The Life and Ministry of Ivy Campbell

Another great leader and revivalist to come out from the Azusa Street Revival was Ivey Glenshaw Campbell. Campbell had grown up in Ohio in a strict Presbyterian home. In 1901 she had a spiritual experience in which she claimed that she had been sanctified by God’s grace. Her experience conflicted with the Calvinistic teachings of her church and she was ostracized and made to leave. She then joined with Holiness associations and helped begin the Broadway Mission, where she was a leader. At age thirty-two she came to Los Angeles and began attending the meetings at Eighth and Maple Streets and Azusa Street. At Azusa she was baptized in the Spirit in the summer of 1906. In November she traveled to Ohio to share about her experience with her friends and family there. She also returned to the Broadway Mission to testify. Little did she know that this was the beginning of a mighty move of God.

Campbell was invited to speak at the Broadway Mission and soon was speaking at another place called the South Street Mission. Campbell would plainly speak about her experiences at Azusa and then would tell the people about their need for salvation, sanctification and the baptism in the Holy Spirit. She would speak in tongues and then give the interpretation of those tongues. In these meetings a revival broke out and crowds started coming, with people from neighboring towns journeying over to the Mission. Within one month, forty people had experienced the baptism in the Holy Spirit and were speaking in tongues.

Campbell held meetings in Akron, Ohio, and the newspapers reported her meetings to be like “old-fashioned camp meetings” in which attendees entered “ a cataleptic state for hours.” This was a reference to those who were slain under the power of God and laid out in a trance-like state. Many slanderous remarks were printed in the newspaper concerning the meetings, and Campbell personally, but these seemed only to arouse people’s curiosity more and crowds of people continued to come out. The following report was given of the Akron meetings: Since I … heard of the wonderful way God was working in Los Angeles, my heart got hungry, and the dear saints in Akron kept up a steady cry to God day and night for Him to send it this way. And before we hardly knew it, Akron was visited. Glory to God! He sent dear Iv[e]y Campbell here in answer to prayer, and many have received their Pentecost. The altar is more than filled nearly every service. In fact there is hardly a break in the meeting. Some people bring lunches and don’t stop to eat them. Some of the sisters sing in tongues like voices from heaven and also interpret some. O, it is wonderful! Many demons have been cast out and the sick are being healed. Glory to Jesus! He is also selecting His missionaries. The meeting runs day and night – sometimes all night. People come from miles around here and are receiving their personal Pentecost. Bro. McKinney is sending out invitations far and near, and telling how God is visiting Akron, and it brings in the hungry ones. His church doors were opened wide to welcome dear Sister Iv[e]y Campbell and Hudson from East Liverpool. The meetings have been running over three weeks. The Holy Ghost is the only leader. Praise God! While some of the prominent ministers are opposing it, yet their hungry members jump over the fence and get to the little mission church and get saved, sanctified, and then receive their personal Pentecost.1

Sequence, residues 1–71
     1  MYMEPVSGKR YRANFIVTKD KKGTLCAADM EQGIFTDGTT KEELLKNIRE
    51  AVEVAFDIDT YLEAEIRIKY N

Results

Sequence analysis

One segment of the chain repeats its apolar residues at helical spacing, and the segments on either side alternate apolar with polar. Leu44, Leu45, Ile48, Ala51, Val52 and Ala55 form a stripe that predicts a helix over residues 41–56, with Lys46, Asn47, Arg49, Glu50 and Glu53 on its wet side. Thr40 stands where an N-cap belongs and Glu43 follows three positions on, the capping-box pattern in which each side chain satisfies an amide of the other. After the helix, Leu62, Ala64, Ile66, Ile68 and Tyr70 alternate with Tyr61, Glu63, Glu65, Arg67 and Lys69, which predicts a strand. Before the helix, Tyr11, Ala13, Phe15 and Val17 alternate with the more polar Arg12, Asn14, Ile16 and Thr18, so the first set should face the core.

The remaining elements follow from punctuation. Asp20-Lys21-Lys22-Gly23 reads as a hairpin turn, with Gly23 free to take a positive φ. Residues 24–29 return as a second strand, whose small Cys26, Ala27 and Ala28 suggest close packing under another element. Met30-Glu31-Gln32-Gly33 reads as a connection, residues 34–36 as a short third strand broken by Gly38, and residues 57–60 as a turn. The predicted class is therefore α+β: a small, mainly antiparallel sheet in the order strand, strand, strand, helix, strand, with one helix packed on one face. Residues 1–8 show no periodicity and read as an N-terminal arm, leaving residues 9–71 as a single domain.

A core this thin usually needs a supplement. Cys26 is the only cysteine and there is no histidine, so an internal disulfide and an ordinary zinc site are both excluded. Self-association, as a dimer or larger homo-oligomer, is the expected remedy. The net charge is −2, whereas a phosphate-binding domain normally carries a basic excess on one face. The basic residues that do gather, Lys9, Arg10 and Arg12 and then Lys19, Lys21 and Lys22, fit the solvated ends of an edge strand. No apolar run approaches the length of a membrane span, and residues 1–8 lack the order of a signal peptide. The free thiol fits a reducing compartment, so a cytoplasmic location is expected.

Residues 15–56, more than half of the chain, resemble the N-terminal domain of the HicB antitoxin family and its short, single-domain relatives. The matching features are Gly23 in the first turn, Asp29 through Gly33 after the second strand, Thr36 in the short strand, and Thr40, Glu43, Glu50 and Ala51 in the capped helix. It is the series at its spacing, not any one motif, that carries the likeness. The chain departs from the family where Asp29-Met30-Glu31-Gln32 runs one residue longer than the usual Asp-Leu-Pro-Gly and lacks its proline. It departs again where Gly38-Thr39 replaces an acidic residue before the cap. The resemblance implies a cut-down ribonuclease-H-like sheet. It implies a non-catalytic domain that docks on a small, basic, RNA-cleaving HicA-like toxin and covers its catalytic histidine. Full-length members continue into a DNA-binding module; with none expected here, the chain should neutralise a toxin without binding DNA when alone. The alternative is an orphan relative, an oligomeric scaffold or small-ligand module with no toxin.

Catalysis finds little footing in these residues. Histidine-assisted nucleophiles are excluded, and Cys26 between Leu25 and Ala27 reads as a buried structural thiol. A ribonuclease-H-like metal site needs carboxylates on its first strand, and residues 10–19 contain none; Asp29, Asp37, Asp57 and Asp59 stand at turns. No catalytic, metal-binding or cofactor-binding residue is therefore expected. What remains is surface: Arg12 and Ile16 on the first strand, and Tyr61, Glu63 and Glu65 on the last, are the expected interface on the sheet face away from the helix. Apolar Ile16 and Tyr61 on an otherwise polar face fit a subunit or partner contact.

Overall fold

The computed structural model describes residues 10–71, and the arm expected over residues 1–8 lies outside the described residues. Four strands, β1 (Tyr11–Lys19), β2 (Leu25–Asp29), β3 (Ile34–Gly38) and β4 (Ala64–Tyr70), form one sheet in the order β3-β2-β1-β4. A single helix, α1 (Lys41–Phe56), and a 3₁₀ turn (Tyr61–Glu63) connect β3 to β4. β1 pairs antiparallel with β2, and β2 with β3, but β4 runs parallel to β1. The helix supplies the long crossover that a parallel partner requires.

The revival meetings flourished and, in June of 1907, a large Pentecostal camp meeting was held in Alliance, Ohio, and Pentecostal ministers such as Frank Bartleman, H. W. Allen, Ivey Campbell and others, all ministered. God was moving in a mighty way. By day two of this camp meeting, seven hundred came out and together represented twenty-four states. Others came from Canada, China, Egypt, South Africa, England, South America, the West Indies and Australia. As well as there being great support for the camp meeting, there was also great opposition and even persecution. Dissenters came into the crowds and even burned people by spraying acid on them.

Campbell preached and ministered in revivals throughout Ohio and Pennsylvania. She returned to Los Angeles and died there in 1918 at the age of forty-four. Campbell left behind a legacy. She had experienced God personally in a life-changing way. She was filled with revival fire and she ministered to others out of the life and anointing that she received from the Lord.

Shawn Stevens


Robeck, Cecil M. Jr. The Azusa Street Mission and Revival: The Birth of The Global Pentecostal Movement. Nashville: Thomas Nelson, Inc., 2006. pgs. 228-234.
Alexander, Estrelda. The Women of Azusa Street. Cleveland: The Pilgrim Press, 2005. pgs. 14, 139 – 142, 149.

1 Anonymous, quoted in “Akron Visited With Pentecost” The Apostolic Faith Vol. 1, No. 5, January 1907 (Los Angeles: The Pacific Apostolic Faith Movement), 1.

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